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The how and why of that cool Hawkeyes' 'Tug O' War' drill

Iowa strength and conditioning coach Chris Doyle keeps summer competitive

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IOWA CITY — Football is coming, but right now it’s like parade candy. The float comes by, someone tosses a handful of lollipops and that’s all you get.

Earlier this month, Chris Ruth, Iowa’s assistant director of football video operations, threw a Thanksgiving dinner from the Hawkeye football float.

It was the 2016 trailer video and it had something for everyone. Desmond King, C.J. Beathard, Josey Jewell, LeShun Daniels and George Kittle told everyone what the Tiger Hawk means to them. There were close shots of trainers prepping the gear. Slow-motion shots. Drones zoomed down for shots above the Pentecrest and Kinnick Stadium.

The scenes that stood out came from the Hawkeyes’ summer conditioning program, conducted under the watchful eye of strength and conditioning coordinator Chris Doyle.

Front and center were the shots of players battling in a game of Tug O’ War. Players were connected via harnesses and then it was ready, set, go and may the best man win.

In the video, you see parts of showdowns between linebacker Bo Bower and quarterback Tyler Wiegers, King and an unidentified Hawkeye and another between two other unidentifiable players.

Iowa’s summer conditioning program is five workouts a week for seven weeks (35 workouts). The one-on-one competitive drills begin in week 3 and last through the end. Doyle said he uses around 20 different one-on-one competitive drills during the seven weeks.

“We try to compete every single day,” Doyle said. “One day it might be a change of direction drill, one day it might be a linear drill. One day it might be a combo of those two. One day it might be a resistance drill, but we try to compete every single day.”

Thought goes into the matchups for the Tug O’ War drill. It doesn’t work the way you might think.

“We match guys up based on their numbers,” Doyle said. “It’s not random or positional, like ‘Hey, we want these two guys who are fighting for a position.’ We took data that was collected in a program that showed a guy’s speed with resistance and we matched them up based on their ability in that particular drill.”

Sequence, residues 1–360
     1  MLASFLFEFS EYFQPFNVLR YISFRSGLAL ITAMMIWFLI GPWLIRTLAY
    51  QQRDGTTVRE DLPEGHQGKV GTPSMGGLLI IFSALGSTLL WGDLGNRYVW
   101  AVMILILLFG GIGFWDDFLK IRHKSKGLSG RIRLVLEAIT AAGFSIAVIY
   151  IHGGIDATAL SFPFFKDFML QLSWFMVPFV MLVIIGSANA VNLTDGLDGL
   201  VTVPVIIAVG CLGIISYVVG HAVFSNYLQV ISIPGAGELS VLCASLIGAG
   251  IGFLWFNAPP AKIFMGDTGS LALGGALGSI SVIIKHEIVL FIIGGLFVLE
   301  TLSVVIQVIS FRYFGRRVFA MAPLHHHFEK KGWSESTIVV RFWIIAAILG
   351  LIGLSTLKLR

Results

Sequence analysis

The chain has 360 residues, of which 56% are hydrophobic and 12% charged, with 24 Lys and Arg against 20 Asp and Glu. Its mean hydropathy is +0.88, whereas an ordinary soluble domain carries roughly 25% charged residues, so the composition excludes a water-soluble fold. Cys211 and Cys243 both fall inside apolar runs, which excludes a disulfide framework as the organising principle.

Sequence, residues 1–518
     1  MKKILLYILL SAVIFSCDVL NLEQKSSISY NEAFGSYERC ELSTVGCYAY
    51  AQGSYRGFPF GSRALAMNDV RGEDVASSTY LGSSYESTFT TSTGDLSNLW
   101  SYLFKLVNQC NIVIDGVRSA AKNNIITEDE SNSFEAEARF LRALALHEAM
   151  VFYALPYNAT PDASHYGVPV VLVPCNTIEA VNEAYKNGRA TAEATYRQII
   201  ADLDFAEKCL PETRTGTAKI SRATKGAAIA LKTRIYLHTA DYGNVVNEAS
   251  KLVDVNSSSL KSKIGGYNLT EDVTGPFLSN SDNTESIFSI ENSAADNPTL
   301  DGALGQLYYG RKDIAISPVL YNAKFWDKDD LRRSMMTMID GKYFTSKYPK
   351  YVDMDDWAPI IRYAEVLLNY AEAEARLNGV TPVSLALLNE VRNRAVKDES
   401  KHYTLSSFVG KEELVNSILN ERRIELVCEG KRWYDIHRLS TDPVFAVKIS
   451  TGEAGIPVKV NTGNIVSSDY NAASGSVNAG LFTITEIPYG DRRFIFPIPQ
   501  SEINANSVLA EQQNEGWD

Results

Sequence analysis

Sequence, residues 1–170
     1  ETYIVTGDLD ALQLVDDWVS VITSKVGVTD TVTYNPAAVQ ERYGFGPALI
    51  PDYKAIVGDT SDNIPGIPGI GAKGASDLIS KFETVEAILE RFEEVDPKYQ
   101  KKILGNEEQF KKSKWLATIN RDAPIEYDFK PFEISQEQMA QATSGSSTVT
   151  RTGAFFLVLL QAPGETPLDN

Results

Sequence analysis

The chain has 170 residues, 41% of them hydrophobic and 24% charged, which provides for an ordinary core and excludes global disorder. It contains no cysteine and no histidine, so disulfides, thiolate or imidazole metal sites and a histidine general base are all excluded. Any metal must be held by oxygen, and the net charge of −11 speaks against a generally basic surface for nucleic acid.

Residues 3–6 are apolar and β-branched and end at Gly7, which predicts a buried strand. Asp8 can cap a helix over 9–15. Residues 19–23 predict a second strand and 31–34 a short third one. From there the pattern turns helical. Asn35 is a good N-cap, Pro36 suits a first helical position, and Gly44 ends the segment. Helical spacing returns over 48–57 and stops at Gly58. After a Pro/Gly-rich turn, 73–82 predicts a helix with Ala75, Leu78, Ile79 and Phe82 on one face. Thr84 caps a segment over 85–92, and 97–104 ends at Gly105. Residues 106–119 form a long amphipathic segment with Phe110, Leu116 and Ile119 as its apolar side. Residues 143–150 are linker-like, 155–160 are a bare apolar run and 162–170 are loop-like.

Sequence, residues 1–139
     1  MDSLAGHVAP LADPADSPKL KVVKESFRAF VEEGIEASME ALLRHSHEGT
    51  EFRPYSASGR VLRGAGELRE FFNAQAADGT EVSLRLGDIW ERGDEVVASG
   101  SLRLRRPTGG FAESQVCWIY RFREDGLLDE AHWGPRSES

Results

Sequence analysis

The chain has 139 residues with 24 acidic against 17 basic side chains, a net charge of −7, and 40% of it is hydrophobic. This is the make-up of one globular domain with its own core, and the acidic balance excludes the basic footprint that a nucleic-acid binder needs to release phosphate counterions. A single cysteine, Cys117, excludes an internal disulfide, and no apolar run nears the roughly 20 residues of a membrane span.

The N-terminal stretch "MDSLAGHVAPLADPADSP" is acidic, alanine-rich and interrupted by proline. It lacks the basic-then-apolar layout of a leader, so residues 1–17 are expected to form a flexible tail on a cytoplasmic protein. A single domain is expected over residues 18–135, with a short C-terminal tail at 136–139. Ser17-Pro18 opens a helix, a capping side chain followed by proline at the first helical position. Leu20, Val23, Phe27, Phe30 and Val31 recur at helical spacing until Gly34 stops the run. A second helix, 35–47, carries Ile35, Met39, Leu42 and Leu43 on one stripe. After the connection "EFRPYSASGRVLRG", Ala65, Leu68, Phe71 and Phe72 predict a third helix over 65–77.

Football is, obviously, competitive, so the point of the one-on-ones is to sharpen the competitive instincts.

“Anytime you can compete in a competitive environment and have guys compete against one another in front of their teammates,” Doyle said, “it brings out the best in people. That’s what we try to do.”

There’s a maturity level and respect that is expected within these drills, but, yes, Doyle does find himself sometimes keeping the competitive juices in check.

“Absolutely,” he said. “Guys want to win. They want to show improvement. In a program like Iowa that has had so much success with unheralded recruits kind of rising to the top, when we create a competitive environment in offseason strength and conditioning, you develop a platform that allows the Boone Myers and Cole Crostons and Bo Bowers of the world to step in and climb their way to the top.

“If we didn’t have that, if we just had incumbents and passed out positions based on recruiting, we wouldn’t have that. We can’t do that here. We have to create competition to be who we are.”

Back to the program that matches up players for drills based on their resistance numbers, Iowa started using accelerometer technology from GPSports in July 2013. The units can detect if an athlete is using his left side 2 percent more than his right side. It can flag a deficiency in a hamstring muscle. Those are a few examples of the data the GPSports unit spits out (it claims 20 players can have reports in 10 minutes).

As you can imagine, that’s a lot of data. Picking the relevant information was a chore at first.

“Four years ago, when we first started on GPS, I remember very vividly walking up to coach [Kirk] Ferentz’s desk and putting a sheet of data collected from that day’s workout,” Doyle said. “He said, ‘What does this mean?’ And I said, ‘I don’t know.’”

There were only three other football teams doing that (including the Seattle Seahawks and the Minnesota Vikings). Nobody knew.

“Four years later, we’ve really fine tuned training in the summer, we’ve fine tuned practice,” Doyle said. “We changed some things in our training this summer to make it more specific.”

This year, the GPS units helped the Hawkeyes hit some of their training goals (volume and intensity) earlier than anticipated, so Doyle changed workouts toward the end of the summer to stem overdoing it.

“All the information in the world is useless unless it’s applied,” Doyle said. “I think we’re doing a better job than ever at applying it.”

Going into last year, Doyle reported the average weight of Iowa players jumped six pounds (231 to 236.8), crediting the NCAA’s deregulation of feeding athletes and Iowa’s $55 million Hansen Performance Center. Doyle said the Hawkeyes had a similar jump this winter.

“Right now, our current roster is as big as we’ve ever been, or maybe a little bit bigger,” Doyle said. “Our offensive and defensive lines are good sized. We’ve never been numbers driven. Back in the day, some of our best defensive linemen might’ve been considered undersized. We’re not size-driven like some schools are, but we’re really happy with the development of these guys.

“We closely monitor body composition. I think as much as anything, since Aug. 1, 2014, when the NCAA deregulated food, I think we’ve really taken advantage of that opportunity to feed our kids well. That’s been supported by the university and that’s been an advantage.”

l Comments: (319) 398-8256; marc.morehouse@thegazette.com

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